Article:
By: Nancy East

Have you ever considered writing an adventure story about your experiences in the wild? If so, you’re not alone. Through the ages, outdoor enthusiasts and explorers have documented their intrepid pursuits in writing, with eager readers waiting to devour the tales as quickly as town food on a thru-hike. 

I published a hiking memoir in 2021 following my fastest known time (FKT) of all the trails in Great Smoky Mountains National Park. Writing my book, Chasing the Smokies Moon: A 948-mile hike—fueled by love, loss, laughter and lunacy, helped me process my emotions following a feat I hardly believed I achieved, even after living through every grueling day of it. 

By the time I finished writing my account of the FKT and the backstory of what led me to chase the dream, I could speak more clearly about what I learned from the experience and how it changed me. I also intimately relived my journey through a less sleep-deprived state of mind. At the end of the process, I had the bonus of a book that has gratefully resonated with many readers. 

If you’ve ever considered publishing your own adventure story, read on! I hope my experience and tips I learned along the way will help you get started in the right direction.

What Makes an Adventure Story Worth Writing About

Think about the adventure stories you’ve read and enjoyed. What made them stand out and keep you turning the pages? Undoubtedly, the physical journey an author undertakes is a powerful pull. Reading a book about a long trail might be the only way we get to experience it, such as in Barney “Scout” Mann’s Journeys North, his adventure story about his thru-hike of the Pacific Crest Trail with his wife, “Frodo.”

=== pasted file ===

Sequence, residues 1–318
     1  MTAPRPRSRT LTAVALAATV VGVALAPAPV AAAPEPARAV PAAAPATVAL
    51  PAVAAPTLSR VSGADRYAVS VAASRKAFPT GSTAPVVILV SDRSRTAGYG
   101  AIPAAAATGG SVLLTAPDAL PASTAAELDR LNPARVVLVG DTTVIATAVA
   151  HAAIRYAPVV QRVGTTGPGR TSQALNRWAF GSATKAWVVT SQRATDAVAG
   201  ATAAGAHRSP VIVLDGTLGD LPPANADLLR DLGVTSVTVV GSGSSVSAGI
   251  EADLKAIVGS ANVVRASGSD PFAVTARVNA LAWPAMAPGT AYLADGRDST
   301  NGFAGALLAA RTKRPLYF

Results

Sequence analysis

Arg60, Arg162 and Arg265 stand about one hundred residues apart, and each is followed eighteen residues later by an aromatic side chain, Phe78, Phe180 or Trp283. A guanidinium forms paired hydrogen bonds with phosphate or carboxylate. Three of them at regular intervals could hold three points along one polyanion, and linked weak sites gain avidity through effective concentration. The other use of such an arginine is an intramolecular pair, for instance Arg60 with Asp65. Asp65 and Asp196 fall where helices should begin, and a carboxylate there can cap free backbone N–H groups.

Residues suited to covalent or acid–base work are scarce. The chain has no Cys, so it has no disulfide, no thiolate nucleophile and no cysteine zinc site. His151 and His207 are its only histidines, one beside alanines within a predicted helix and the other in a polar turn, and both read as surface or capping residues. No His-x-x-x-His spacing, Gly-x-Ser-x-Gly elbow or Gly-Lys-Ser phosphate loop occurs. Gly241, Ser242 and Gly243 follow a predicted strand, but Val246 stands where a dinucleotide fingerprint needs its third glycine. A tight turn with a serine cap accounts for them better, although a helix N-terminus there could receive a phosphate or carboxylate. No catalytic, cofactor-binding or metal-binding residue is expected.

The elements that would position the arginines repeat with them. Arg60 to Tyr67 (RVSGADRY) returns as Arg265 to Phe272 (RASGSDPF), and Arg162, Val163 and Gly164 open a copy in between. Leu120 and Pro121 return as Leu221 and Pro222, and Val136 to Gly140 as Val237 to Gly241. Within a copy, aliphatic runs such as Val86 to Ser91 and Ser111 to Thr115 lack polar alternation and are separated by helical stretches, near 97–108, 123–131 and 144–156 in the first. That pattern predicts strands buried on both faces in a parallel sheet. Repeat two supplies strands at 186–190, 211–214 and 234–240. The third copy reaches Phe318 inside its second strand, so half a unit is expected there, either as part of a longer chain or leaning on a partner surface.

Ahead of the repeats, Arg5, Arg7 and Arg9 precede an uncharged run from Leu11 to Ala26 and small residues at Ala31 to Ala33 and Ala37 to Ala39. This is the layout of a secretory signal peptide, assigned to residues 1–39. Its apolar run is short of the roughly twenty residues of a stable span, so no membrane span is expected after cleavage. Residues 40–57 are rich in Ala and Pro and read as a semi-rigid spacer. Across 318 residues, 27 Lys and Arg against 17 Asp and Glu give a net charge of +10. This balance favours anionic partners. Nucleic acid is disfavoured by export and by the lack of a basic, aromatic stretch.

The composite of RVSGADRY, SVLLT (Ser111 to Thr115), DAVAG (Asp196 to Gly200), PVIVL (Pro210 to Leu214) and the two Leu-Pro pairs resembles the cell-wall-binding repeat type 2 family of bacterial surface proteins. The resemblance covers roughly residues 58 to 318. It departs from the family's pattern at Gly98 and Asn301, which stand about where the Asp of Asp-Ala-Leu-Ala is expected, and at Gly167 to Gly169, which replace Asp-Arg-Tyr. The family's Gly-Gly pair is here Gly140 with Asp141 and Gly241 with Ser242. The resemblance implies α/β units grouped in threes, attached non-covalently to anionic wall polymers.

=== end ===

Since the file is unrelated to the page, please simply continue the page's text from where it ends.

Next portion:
I’d argue, however, that the internal struggles and stories Scout shared about the people he and Frodo hiked with are what most readers walked away pondering more than the adventure itself. And even if we don’t identify with the need to set a speed record on a long trail like Heather Anderson described in Mud, Rocks, Blazes, the undercurrent of our shared humanity throughout the book is what draws readers to her words like moths to a flame.

A good adventure story validates our own complicated feelings and emotions—the kind we think no one else can relate to until someone describes them as their experience too. The poet, Mark Nepo, once said, “To be human is to look far enough inside of you that I see myself.” I reflected on this quote as I wrote my book, hoping my journey might validate others facing a middle-aged awareness of their mortality; or fellow parents grieving their adventurous spirit, which got lost somewhere between changing dirty diapers and navigating the pitfalls of social media with a teenager.

How to Start an Adventure Story

I’d like to tell you that reading other well-known hiking memoirs motivated me to write my book, but I’d be lying. It actually had the opposite effect, at least initially. We are our own worst critics, especially with subjective tasks, and I wallowed in self-doubt. My blank computer screen was as daunting as setting the FKT as I reflected on the works of authors I admired.

My mother once gave me a pillow embroidered with: “Contentment begins when comparison stops.” I finally took this message to heart and started typing. I can’t say contentment came easily once I started, though.

A small minority of people are born with a gift of prose that flows from their brains as effortlessly as water from a new Sawyer Squeeze. The majority of us have to work a lot harder at it though, and writing can be an agonizing process. The good news is that outdoor enthusiasts are not strangers to hard work if they embark upon an adventure they want to write about. 

So don’t let that blank page stare back at you forever. Find the courage to type that first sentence. It will eventually morph into a first draft that may or may not please you. My first draft sucked. Yours probably will too. It’s the way writing works for most of us, unfortunately. A wise English teacher once told me that the best writing is rewriting, and it’s one hundred percent true. With each revision, you’ll get better at “showing versus telling” your story (something my editor had to remind me of often) and eventually create a narrative you believe someone will want to get lost in one day.

5 Tips for How to Write an Adventure Story About Your Time in the Great Outdoors